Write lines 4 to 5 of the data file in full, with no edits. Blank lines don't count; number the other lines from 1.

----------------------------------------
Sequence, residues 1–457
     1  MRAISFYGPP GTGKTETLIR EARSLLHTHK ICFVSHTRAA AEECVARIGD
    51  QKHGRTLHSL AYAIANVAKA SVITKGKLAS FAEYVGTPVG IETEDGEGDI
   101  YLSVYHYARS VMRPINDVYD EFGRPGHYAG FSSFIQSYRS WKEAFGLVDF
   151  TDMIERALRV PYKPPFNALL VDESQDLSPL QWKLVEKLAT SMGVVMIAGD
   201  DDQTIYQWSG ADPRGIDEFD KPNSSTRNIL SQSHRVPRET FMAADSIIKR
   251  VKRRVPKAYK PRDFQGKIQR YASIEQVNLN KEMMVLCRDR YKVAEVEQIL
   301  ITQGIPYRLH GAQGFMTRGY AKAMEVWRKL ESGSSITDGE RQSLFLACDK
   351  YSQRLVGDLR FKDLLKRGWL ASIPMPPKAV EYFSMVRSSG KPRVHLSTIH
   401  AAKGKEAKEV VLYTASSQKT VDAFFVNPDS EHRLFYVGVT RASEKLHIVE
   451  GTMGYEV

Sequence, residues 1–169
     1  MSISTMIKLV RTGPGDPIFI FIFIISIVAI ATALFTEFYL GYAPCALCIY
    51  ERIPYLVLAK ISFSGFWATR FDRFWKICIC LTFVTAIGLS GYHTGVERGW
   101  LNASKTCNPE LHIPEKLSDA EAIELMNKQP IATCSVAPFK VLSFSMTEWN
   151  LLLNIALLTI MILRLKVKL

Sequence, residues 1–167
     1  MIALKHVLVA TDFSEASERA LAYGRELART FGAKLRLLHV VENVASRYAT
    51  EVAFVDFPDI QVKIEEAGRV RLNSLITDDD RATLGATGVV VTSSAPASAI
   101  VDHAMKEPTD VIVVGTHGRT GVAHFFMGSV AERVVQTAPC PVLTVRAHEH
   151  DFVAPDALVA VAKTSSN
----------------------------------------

   101  YLSVYHYARS VMRPINDVYD EFGRPGHYAG FSSFIQSYRS WKEAFGLVDF
   151  TDMIERALRV PYKPPFNALL VDESQDLSPL QWKLVEKLAT SMGVVMIAGD